Swiss Freeze More Than $1 Billion Held by Tech Mogul Robert Brockman
(Bloomberg) -- Swiss prosecutors froze more than $1 billion held in bank accounts belonging to Houston software tycoon Robert Brockman, who’s been charged in the U.S. for alleged tax evasion and money laundering.
A spokeswoman at the Geneva prosecutor’s office said that accounts were frozen but didn’t specify what banks held the funds.
Brockman was indicted in October by U.S. federal prosecutors for allegedly using a network of secret Caribbean entities to evade taxes on $2 billion in investment income in what may be the largest prosecution of its kind in U.S. history. Brockman is accused of using a Bermuda-based family charitable trust and other offshore entities to hide assets from the Internal Revenue Service while failing to pay taxes. He was also charged with money laundering and other crimes.
The case is “the largest-ever tax charge against an individual in the United States,” David Anderson, the U.S. prosecutor in San Francisco, said last month.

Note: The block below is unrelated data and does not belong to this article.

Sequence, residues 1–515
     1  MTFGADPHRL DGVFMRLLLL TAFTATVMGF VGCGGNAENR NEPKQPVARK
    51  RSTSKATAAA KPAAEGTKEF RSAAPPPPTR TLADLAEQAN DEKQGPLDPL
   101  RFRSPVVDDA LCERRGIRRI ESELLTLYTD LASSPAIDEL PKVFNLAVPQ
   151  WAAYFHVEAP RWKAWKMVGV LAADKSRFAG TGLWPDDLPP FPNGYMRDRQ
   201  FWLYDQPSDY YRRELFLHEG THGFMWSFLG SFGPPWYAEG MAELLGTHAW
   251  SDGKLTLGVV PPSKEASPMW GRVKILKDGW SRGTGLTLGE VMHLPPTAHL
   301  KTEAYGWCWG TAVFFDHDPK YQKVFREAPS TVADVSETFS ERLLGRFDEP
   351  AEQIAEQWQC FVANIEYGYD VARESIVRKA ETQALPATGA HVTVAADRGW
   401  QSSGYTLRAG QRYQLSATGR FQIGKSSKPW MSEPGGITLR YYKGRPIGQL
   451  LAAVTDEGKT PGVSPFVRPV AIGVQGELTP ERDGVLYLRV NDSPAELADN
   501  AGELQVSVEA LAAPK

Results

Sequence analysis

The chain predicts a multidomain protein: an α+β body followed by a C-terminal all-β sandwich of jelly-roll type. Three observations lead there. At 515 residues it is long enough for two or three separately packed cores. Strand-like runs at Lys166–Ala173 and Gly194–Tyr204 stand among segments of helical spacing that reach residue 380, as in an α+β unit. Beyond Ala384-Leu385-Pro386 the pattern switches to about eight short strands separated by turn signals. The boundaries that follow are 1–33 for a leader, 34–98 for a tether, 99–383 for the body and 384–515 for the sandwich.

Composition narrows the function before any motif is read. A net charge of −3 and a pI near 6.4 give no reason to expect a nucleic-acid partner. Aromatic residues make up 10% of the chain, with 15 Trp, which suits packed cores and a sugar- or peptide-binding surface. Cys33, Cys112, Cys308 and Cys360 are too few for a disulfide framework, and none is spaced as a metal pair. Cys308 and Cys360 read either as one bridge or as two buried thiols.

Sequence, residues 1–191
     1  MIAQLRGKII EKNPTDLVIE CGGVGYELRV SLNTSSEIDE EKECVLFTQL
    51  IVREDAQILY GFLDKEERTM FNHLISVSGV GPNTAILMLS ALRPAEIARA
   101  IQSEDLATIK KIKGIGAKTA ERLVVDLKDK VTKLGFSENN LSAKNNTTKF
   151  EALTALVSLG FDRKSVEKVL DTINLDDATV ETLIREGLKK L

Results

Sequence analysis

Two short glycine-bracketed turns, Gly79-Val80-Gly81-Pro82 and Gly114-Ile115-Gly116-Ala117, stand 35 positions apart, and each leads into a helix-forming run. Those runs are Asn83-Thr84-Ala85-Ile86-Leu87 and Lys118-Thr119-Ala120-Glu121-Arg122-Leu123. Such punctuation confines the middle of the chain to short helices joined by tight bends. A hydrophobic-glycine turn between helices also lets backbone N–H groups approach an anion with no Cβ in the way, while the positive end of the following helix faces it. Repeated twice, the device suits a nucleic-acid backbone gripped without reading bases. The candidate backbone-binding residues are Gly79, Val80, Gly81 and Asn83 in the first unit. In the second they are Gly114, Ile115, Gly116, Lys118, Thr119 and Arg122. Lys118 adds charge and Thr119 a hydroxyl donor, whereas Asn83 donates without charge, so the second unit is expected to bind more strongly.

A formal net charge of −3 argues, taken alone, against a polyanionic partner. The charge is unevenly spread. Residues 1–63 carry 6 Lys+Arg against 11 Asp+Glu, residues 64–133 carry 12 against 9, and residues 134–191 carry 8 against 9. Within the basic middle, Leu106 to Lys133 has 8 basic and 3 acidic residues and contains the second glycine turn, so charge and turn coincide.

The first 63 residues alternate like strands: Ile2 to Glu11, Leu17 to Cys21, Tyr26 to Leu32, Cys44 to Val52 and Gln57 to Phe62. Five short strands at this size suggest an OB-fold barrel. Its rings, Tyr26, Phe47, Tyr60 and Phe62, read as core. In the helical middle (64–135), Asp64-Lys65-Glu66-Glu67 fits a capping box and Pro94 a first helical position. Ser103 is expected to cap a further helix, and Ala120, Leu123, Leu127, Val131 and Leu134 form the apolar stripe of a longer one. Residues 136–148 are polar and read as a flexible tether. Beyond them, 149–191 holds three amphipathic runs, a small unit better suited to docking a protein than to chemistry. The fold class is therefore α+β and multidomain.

A message left with Brockman’s lawyer asking about his Swiss bank accounts wasn’t immediately returned. The U.S. Department of Justice didn’t immediately reply to a request for comment.
About $950 million is held at Mirabaud & Cie., according to local blog Gotham City, which first reported on the asset freeze.
According to his Oct. 1 indictment, Brockman instructed someone identified as “Individual One” to open an account for him at Geneva-based Mirabaud in 2010. There are further references in the 42-page document to transfers in and out of three Mirabaud accounts Brockman allegedly controlled.
A spokesman for Mirabaud declined to comment.
Prosecutors were helped by Robert Smith, the CEO of Vista Equity Partners, who set up his private equity fund 20 years ago with a $1 billion injection from Brockman’s trust. Smith avoided prosecution by agreeing to cooperate against Brockman. He also admitted he failed to pay $30 million in taxes, and will pay $140 million in back taxes, fines, and penalties, according to people familiar with the matter.
Brockman faces a 39-count indictment returned by a San Francisco grand jury and unsealed on October 15. Appearing by video conference from Houston the same day, Brockman pleaded not-guilty to the charges and denied the government’s allegations that he should forfeit proceeds from wire fraud.
The court agreed to allow Brockman to post $1 million bond, remain out of custody and to travel to several parts of the U.S. to meet with his lawyers and conduct business. Brockman is the chief executive officer of Reynolds & Reynolds, a leading vendor of software used to manage auto dealerships.
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